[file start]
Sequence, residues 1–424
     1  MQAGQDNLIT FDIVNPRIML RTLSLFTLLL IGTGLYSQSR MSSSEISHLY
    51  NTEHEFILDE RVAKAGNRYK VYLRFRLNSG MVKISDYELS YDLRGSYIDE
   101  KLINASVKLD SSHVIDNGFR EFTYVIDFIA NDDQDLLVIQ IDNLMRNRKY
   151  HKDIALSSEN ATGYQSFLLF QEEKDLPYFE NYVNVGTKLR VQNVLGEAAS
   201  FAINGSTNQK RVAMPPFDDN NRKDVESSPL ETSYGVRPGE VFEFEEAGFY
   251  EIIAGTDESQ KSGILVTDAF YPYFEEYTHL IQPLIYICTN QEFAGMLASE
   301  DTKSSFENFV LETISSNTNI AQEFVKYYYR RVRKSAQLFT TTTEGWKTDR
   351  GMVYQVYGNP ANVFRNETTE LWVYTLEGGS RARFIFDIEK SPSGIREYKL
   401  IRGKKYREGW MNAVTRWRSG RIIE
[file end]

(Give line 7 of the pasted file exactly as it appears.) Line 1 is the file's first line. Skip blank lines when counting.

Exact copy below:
   251  EIIAGTDESQ KSGILVTDAF YPYFEEYTHL IQPLIYICTN QEFAGMLASE